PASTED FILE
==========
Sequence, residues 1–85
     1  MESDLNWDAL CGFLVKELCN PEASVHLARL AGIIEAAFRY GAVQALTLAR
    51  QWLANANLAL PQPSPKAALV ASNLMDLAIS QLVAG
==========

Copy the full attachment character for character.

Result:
Sequence, residues 1–85
     1  MESDLNWDAL CGFLVKELCN PEASVHLARL AGIIEAAFRY GAVQALTLAR
    51  QWLANANLAL PQPSPKAALV ASNLMDLAIS QLVAG